Colonel Henry Dodge's rifle

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DixieTexian

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430px-Watercolor_Painting_of_Col._Henry_Dodge_by_George_Catlin.jpg

This portrait by George Catlin is of Henry Dodge during the Dodge-Leavenworth Expidition of 1834. Given that it is a watercolor, and some of the details are difficult to paint, especially on the size that would have been available on the frontier, this rifle looks very much like a half stock flintlock to my eyes. The cheek piece and sweep of the stock are reminiscent of more eastern rifles, but the profile of the barrel looks heavier, more like the plains rifle or "hawken" style. Most paintings of proper longrifles from the period are much slimmer, but I haven't compared this picture to any of the artist's others. The curve of the buttplate should rule out a half stock English sporting rifle, I believe (correct me if I am wrong). It looks to me like this could be a transition gun between eastern and western. Still a flintlock, but a heavier barrel with lines that evoke the eastern gun makers.

It is of note that he was a man of decent means, and so could have afforded a nicer rifle than a man of more simpler means.

So is this the half stock flintlock that preceeded the "hawkins" style plains rifle? Or am I missing something?

As an aside, he appears to be wearing a hunting shirt that is capeless, or the cape is an extension of the collars in the back. Either way, it is quite different from the revolutionary war hunting shirts we see copied so much. From my research looking it paintings and illustrations of hunting shirts from these later time periods, it seems like capes started to go the way of the buffalo during this period.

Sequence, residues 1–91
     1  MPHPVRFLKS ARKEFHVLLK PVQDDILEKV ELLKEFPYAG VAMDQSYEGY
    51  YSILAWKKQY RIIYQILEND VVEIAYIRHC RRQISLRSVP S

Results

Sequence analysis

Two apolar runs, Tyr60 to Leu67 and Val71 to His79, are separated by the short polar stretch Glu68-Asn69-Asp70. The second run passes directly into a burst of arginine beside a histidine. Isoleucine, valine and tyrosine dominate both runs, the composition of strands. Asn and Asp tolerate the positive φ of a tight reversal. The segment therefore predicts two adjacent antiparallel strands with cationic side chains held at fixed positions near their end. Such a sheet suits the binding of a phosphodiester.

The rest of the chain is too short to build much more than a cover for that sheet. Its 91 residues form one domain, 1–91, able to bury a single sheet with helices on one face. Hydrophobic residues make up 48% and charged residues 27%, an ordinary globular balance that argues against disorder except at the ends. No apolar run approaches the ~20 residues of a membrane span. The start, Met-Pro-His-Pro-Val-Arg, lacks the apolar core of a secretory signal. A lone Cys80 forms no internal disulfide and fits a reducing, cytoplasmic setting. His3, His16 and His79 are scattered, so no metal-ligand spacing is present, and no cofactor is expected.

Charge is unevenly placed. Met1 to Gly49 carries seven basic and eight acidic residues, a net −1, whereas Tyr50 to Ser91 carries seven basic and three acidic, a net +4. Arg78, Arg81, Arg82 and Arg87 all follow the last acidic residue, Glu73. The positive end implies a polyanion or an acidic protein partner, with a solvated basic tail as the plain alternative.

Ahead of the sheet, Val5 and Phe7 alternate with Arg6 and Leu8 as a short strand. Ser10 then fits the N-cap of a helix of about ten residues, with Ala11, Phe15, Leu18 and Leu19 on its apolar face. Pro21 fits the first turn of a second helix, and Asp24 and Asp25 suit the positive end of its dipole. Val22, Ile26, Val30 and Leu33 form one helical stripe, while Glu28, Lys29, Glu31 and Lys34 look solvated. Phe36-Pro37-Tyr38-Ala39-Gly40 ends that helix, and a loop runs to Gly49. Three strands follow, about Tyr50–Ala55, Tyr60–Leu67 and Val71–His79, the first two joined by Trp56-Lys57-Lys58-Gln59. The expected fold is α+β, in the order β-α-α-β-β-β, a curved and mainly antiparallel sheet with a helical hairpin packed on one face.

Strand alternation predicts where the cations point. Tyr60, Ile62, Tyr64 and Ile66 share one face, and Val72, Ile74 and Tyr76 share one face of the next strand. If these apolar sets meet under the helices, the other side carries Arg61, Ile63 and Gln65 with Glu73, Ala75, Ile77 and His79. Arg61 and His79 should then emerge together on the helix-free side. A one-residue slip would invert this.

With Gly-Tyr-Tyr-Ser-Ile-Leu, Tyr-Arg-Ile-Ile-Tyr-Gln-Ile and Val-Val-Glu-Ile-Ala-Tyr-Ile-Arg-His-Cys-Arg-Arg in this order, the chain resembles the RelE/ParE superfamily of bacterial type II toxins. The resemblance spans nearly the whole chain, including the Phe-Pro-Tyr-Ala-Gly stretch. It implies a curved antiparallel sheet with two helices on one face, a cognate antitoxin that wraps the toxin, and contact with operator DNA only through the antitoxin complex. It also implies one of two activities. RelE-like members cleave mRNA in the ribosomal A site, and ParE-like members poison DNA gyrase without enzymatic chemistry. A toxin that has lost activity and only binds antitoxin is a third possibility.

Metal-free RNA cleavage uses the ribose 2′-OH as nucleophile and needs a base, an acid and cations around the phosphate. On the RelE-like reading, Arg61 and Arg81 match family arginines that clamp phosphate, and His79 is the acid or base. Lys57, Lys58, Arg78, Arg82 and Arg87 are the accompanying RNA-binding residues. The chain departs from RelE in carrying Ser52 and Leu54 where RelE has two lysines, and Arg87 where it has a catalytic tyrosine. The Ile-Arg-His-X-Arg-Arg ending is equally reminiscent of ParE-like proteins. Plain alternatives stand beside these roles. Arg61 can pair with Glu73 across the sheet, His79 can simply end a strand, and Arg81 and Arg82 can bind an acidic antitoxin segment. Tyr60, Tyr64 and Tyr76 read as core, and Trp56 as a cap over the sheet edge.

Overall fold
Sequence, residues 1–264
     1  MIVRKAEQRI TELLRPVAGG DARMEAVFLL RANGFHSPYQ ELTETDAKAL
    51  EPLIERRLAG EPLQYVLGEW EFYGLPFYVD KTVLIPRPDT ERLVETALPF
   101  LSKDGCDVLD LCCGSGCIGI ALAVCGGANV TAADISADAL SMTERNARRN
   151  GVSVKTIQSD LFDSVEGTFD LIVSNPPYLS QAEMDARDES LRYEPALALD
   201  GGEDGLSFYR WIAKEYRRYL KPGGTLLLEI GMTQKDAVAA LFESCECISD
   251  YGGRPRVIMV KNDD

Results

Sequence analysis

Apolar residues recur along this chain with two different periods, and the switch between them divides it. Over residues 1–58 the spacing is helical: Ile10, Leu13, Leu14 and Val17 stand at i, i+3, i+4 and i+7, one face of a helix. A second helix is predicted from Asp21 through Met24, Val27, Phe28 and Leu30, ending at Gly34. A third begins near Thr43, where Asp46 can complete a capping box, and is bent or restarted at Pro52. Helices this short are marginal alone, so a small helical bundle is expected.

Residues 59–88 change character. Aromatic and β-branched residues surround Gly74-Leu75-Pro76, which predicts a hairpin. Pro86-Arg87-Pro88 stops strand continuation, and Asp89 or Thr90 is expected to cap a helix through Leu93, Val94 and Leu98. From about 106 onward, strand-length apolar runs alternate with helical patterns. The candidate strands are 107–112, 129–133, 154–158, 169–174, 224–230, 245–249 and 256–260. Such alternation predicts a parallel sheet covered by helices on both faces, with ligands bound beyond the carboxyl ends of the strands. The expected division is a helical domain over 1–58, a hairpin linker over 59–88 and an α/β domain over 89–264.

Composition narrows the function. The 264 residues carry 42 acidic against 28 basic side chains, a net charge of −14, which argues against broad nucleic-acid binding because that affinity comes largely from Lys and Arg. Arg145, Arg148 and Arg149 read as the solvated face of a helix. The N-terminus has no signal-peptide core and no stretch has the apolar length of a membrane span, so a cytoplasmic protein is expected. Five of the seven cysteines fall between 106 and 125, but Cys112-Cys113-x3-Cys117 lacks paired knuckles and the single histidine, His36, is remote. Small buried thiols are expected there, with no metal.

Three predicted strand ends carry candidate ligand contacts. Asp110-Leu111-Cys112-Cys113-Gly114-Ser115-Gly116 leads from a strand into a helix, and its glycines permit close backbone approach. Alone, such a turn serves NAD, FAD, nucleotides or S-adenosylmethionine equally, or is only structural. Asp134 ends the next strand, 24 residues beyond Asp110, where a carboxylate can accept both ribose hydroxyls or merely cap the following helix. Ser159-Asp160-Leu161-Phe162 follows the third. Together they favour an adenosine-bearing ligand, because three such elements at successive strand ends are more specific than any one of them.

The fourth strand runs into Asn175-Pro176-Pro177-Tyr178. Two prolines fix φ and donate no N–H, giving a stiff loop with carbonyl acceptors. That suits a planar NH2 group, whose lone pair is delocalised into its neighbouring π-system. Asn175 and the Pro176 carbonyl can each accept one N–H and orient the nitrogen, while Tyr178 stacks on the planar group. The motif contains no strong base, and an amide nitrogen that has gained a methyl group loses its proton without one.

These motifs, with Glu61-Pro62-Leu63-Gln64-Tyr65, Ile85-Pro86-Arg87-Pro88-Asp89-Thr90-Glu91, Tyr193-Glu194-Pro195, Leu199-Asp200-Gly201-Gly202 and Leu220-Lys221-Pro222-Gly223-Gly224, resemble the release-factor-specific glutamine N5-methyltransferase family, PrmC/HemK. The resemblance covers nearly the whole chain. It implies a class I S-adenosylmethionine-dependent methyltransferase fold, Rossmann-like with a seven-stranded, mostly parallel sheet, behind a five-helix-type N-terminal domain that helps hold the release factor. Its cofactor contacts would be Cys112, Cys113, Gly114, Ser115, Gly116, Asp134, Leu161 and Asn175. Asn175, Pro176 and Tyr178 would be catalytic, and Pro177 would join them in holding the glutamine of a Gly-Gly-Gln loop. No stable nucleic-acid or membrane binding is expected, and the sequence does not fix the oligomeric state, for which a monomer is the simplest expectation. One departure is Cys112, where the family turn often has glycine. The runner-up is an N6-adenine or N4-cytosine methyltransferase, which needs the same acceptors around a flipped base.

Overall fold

Seth I.

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I've always thought the rifle looked like an early eastern percussion half-stock without an under-rib.
 

Notchy Bob

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Thanks for posting this interesting portrait! I think it's one of the best of that period.

I think we can say for sure that the long arm in the picture is half-stocked, with two wedges and double triggers. It appears to have a scroll finial or grip rail on the triggerguard. It's hard to say much about the lock. The part that really has us scratching our heads is a second illustration of the same man, also by Catlin:

Col. Henry Dodge 1834.jpg


I suspect this one was done first, as a sketch, but I don't know that for sure. Here, we have what looks like a left-handed lock on a right-handed buttstock (note the cheekpiece). While the visible parts of the lock in the colorized portrait in post #1 do look a lot like a cock and frizzen, the lock in this picture looks more like a percussion. That is a funny-looking hammer, but some early percussion guns did have odd-looking hammers:

Blanket Gun 3.jpg


Catlin was familiar with the arms of that period, on the frontier, and he was himself an avid hunter. I suspect he may have done that sketch in sort of a rush, then noted his gaffe (the left handed lock), and then re-did a corrected portrait with some color and the lock on the right side of the rifle. That's all supposition on my part, though.

Catlin also painted another image of Dodge, meeting up with a band of Comanches. Here is a detail image, cropped out: